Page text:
DEPUTY DIRECTOR-GENERAL ALAN WM. WOLFF
Ladies and Gentlemen,
Good afternoon. Let me join Ambassador Haqjo in welcoming you to this Panel that is taking place on the margins of the historic first meeting of the Working Party on the Accession of South Sudan.
I was present and observed the meeting this morning. I felt the sense of pride, achievement and momentum that were generated by the high-level delegation from Juba and WTO Members. This afternoon, I am very pleased to see the presence of Hon. Aggrey Tisa Sabuni, Chief Negotiator with us as a keynote speaker. Also, it is my pleasure to see both Ambassador Kadra Ahmed Hassan of Djibouti and Ambassador Zorica Maric Djordjevic of Montenegro who have been great "Friends of South Sudan" since the 2nd Regional Dialogue on WTO Accessions held in Djibouti, last December.
As Ambassador Haqjo shared his unique connection to South Sudan, I would also like to share my own. Following taking up the post as WTO Deputy Director-General in October 2017, two months later, I participated in the Ministerial Conference in Buenos Aires, Argentina. I was privileged to witness the approval by WTO Ministers of an application for WTO accession from then 6-year old young nation, South Sudan. That was a memorable moment in Buenos Aires in what was a remarkable meeting. I believe the message that South Sudan, by its determination to integrate into the world economy, had sent out to the world was very powerful.
Since then, I had several occasions to engage with high-level delegations from Juba, including the Minister of Justice, the Minister of Education, and of course, senior trade officials. At the WTO's Public Forum last October 2018, I was privileged to moderate a Panel Discussion on Trade for Peace: Integration of fragile states into the global economy as a pathway towards peace and resilience. As one of the speakers, the Honourable Deng Deng Hoc Yai, Minister of General Education and Instruction of South Sudan struck a sympathetic chord with many of those present when he explained the reasons why South Sudan – as a least-developed and post-conflict country - was committed to accede to the WTO. His firm conviction was that South Sudan's path to WTO membership will support the maintenance of sustainable peace and stability in the country. His remarks are a timely reminder of the rationale of the founding fathers for the creation of the multilateral trading system following World War II.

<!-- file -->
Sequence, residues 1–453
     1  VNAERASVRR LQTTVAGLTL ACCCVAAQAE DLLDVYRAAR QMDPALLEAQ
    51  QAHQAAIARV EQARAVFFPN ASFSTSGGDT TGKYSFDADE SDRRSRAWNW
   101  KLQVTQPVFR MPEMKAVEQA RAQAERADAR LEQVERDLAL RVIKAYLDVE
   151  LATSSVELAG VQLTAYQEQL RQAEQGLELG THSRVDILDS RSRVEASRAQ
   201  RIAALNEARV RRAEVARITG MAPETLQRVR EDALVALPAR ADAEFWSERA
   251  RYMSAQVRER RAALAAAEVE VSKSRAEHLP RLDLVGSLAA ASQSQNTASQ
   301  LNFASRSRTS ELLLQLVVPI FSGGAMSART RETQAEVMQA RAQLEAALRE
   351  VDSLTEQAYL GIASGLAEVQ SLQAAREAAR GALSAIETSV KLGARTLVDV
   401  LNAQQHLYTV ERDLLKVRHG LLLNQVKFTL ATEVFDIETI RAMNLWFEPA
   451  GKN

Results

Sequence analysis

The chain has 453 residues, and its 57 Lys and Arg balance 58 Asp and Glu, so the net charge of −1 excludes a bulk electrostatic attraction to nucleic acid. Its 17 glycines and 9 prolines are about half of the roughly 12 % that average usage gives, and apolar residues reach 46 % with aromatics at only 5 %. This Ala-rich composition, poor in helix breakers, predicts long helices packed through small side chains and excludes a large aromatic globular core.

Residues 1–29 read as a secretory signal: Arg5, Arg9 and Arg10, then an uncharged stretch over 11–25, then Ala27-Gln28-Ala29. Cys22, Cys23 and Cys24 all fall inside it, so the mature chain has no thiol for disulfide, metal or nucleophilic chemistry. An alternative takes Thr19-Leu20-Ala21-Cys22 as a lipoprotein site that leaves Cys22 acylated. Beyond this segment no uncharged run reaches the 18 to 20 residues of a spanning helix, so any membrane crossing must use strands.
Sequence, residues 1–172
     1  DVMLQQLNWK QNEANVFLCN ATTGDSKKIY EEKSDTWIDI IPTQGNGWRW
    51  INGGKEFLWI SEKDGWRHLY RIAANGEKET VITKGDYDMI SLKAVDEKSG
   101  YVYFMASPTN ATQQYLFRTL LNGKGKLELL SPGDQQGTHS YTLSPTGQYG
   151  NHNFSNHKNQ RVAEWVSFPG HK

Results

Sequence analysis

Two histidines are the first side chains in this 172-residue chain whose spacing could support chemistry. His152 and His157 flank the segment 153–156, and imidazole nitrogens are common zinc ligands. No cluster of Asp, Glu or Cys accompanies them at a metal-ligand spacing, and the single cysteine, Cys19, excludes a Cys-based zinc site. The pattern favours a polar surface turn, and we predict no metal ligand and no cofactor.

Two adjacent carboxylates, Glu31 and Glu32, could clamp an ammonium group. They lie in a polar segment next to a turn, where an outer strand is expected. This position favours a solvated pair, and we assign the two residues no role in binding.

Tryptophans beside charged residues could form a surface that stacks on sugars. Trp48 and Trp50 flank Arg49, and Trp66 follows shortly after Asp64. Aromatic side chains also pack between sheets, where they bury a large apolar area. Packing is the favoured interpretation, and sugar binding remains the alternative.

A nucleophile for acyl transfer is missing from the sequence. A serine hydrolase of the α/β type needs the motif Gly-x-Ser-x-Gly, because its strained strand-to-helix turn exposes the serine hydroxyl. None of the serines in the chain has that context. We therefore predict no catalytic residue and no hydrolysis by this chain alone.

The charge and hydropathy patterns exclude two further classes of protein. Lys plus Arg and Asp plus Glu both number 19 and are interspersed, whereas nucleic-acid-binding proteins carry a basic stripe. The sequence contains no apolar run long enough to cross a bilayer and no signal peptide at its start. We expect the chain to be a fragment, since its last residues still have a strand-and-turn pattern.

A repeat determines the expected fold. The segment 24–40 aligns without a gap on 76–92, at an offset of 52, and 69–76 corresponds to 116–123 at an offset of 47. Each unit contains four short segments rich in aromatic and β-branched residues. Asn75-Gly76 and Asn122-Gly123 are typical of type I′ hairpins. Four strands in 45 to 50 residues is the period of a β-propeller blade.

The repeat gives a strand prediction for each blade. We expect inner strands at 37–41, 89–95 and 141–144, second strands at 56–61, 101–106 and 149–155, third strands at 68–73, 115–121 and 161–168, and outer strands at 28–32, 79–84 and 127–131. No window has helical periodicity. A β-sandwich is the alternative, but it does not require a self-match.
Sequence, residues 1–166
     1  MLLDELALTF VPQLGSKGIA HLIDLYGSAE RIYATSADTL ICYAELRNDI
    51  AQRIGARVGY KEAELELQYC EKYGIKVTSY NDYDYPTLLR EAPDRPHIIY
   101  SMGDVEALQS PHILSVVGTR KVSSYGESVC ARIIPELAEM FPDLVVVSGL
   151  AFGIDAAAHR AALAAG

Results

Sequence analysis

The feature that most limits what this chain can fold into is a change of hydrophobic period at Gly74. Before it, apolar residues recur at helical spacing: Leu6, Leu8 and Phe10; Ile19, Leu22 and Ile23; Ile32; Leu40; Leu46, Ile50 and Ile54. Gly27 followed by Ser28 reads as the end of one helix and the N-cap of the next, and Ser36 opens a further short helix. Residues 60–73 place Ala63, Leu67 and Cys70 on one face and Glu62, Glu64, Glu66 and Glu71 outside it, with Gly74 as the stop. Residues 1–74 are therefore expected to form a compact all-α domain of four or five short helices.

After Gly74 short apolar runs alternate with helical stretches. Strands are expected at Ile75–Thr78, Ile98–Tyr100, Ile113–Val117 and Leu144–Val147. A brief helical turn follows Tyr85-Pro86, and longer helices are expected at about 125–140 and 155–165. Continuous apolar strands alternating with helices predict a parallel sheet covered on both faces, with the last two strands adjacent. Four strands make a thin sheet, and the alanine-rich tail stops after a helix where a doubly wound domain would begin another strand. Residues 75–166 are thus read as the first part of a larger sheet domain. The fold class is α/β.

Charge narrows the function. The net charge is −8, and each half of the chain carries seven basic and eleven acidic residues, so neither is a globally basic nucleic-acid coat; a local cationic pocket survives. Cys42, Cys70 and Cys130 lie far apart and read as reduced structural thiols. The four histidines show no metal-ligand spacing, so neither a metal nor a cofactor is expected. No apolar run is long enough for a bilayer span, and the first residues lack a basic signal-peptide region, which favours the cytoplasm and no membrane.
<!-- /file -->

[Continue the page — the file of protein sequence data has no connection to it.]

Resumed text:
The "Trade for Peace through WTO Accession" initiative has brought the trade community closer to the peace community within Geneva in recent months. The initiative started in Buenos Aires, with the establishment of the g7+ WTO Accessions Group.
The Group was launched by eight vulnerable, least developed countries that have long suffered from conflicts and instability: three WTO Members (Afghanistan, Liberia, and Yemen) and five acceding governments (Comoros, Sao Tome and Principe, Somalia, South Sudan and Timor-Leste). In their Ministerial Declaration, the Group pledged to use the WTO accession process and membership to promote peace-building and sustainable development, and to facilitate WTO accessions.
I was pleased to be at the inauguration of this Initiative and have followed the Group's work since. Their efforts resulted in a series of Trade for Peace events in the fall last year, which included collaboration with the Geneva Peacebuilding Platform. I was also invited to speak at the Paris Peace Forum in November 2018 where I highlighted the role of the WTO in supporting sustainable peace.
In December 2018, I had the opportunity to be in Djibouti for the 2nd Regional Dialogue on WTO Accessions for the Greater Horn of Africa under the theme 'Trade for Peace through WTO Accessions'. All participants in the Djibouti program agreed that WTO accession was an important component of the post-conflict recovery plans of fragile states, enabling the establishment of credible policy frameworks and promotion of transparency and good governance. They recognized that the Trade for Peace Initiative was an important way in which the multilateral trading system could contribute to peacebuilding efforts in the Horn of Africa and other parts of the world. In this context, the WTO was formally requested to continue to define its role in making its contribution to these efforts, including through greater cooperation between the trade and peace communities.
Today's panel is part of this effort. I cannot think of a better example of Trade for Peace than South Sudan's presence at the WTO today. With its strong determination to advance the accession process -- which is often complex and challenging, South Sudan is demonstrating the potential of the "Trade for Peace" initiative where peace remains fragile. One of the most compelling reasons for optimism for the multilateral trading system is that conflict-affected countries like South Sudan see in the WTO what the founders of the multilateral trading system saw in its creation in 1947. It sees a path forward toward economic growth, leading to greater domestic stability, and a better chance to attain and sustain peace. The conduct of South Sudan here today is a timely reminder of this fundamental benefit of the multilateral trading system.
Let me assure you on behalf of the WTO Secretariat of our intention to do our part, that is to help WTO acceding governments and Members to use trade as a tool for building peace and sustaining peace. Once again, my sincere thanks to the delegation of South Sudan which is committed to working together with the Members of the WTO to make Trade for Peace a reality.
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